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"German Construction Troops" from Tactical and Technical Trends

The following intelligence report on German construction troops was originally published in Tactical and Technical Trends, No. 26, June 3, 1943.

[DISCLAIMER: The following text is taken from the U.S. War Department publication Tactical and Technical Trends. As with all wartime intelligence information, data may be incomplete or inaccurate. No attempt has been made to update or correct the text. Any views or opinions expressed do not necessarily represent those of the website.]


Since the German Army engineers perform almost exclusively combat missions, such as crossing streams, reducing fortifications, and removing obstacles under fire, the Army includes special construction units for non-combat functions usually performed by engineers in other armies. These construction troops (Bautruppen) form a separate arm of the service, which is divided into specialized groups, such as road, bridge, railway, and fortress construction. Recently the German personnel has been largely confined to the older age groups, and increasing numbers of foreign laborers have been used for the heavy manual work; the construction troops are nevertheless fully capable of giving a good account of themselves if attacked. The Bautruppen are the subject of an article which appeared in an authoritative German military magazine in October 1940.

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In the organization of the combined arms, the German construction troops, newly established on the basis of experiences in the Polish campaign, have their clearly marked tasks. These troops were created for relieving and supplementing the engineers, who have great responsibilities in the modern war of movement. Because of their varied combat missions, such as attacking across streams and against enemy fortifications, the construction troops are trained to perform the construction work that becomes necessary in overcoming natural and artificial obstacles. In close cooperation with the engineers, this work includes the clearing of obstacles (concrete, rail, post, and tree obstacles), the filling of shell craters on the lines of advance, the opening of passages through debris-littered communities and, if necessary, the building of road detours.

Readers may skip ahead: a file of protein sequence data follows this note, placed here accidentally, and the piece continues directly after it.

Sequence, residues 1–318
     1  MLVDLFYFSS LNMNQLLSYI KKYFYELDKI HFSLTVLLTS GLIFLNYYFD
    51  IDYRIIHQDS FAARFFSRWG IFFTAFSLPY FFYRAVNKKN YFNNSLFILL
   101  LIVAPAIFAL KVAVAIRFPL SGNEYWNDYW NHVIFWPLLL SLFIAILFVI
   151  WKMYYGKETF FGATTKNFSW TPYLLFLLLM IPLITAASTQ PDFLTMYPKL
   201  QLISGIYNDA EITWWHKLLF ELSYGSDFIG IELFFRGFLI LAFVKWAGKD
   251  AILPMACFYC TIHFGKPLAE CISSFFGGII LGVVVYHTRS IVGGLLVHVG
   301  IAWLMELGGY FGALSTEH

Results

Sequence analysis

BEFORE: "The German advance through the Vosges led from Colmar to Gerardmer by way of the road along the ravine pass. The French tried to hold up the German advance. With tremendous dynamite charges they blasted the rocky road before their withdrawal. Where previously a normal automobile traffic prevailed, after the blasting there yawned a tremendous crater in the rock."

AFTER: "After six days of work the wooden bridge with a capacity of 16 tons was finished. Even the Fuhrer has taken note of the outstanding work of the army construction troops, as typified by this job, stating that their capabilities of use are practically unlimited in spite of the lack of years of experience."

Another mission is the repair and constant maintenance of the heavily taxed advance and supply roads. To take the place of highway bridges demolished by the enemy, the construction troops must build heavy bridges of from 16 to 24 tons capacity for accommodating all army loads. Thus, in the war of movement they create the prerequisites for the forward push of the modern, far-ranging, motorized army. The rail construction troops assigned to the railway engineers attend to the reestablishment and resumption of operation on demolished stretches of track. The fortification construction troops are utilized under the local fortress engineer service-posts in the building of permanent fortified zones.

Not only in building the West Wall, but also especially in execution of our attack operations against our western enemies, the construction troops have been thoroughly tested. By their readiness for service and their technical efficiency, they have contributed to the operations of the German military forces. Even in the reestablishment of utilities service in demolished installations (water, electric power, and gas works) and in the case of canals blocked by sunken ships in enemy territory, the construction troops have given valuable aid. Adequately equipped even for infantry missions, exceptionally efficient because of their training as skilled workers, these troops have shown themselves to be an indispensable auxiliary arm of great versatility in the general organization of the German Army.


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